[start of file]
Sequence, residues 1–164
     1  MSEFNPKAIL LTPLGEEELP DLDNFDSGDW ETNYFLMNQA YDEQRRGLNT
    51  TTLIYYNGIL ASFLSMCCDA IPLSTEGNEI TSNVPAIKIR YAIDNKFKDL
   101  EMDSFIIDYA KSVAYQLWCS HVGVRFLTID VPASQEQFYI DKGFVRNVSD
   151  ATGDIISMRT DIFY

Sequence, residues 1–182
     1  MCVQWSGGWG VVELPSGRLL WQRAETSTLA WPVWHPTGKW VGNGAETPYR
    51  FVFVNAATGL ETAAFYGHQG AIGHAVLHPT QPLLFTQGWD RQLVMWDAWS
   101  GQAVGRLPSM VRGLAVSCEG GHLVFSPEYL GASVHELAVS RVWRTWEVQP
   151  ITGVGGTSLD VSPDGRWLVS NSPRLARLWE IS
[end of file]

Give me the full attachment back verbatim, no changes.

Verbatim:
Sequence, residues 1–164
     1  MSEFNPKAIL LTPLGEEELP DLDNFDSGDW ETNYFLMNQA YDEQRRGLNT
    51  TTLIYYNGIL ASFLSMCCDA IPLSTEGNEI TSNVPAIKIR YAIDNKFKDL
   101  EMDSFIIDYA KSVAYQLWCS HVGVRFLTID VPASQEQFYI DKGFVRNVSD
   151  ATGDIISMRT DIFY

Sequence, residues 1–182
     1  MCVQWSGGWG VVELPSGRLL WQRAETSTLA WPVWHPTGKW VGNGAETPYR
    51  FVFVNAATGL ETAAFYGHQG AIGHAVLHPT QPLLFTQGWD RQLVMWDAWS
   101  GQAVGRLPSM VRGLAVSCEG GHLVFSPEYL GASVHELAVS RVWRTWEVQP
   151  ITGVGGTSLD VSPDGRWLVS NSPRLARLWE IS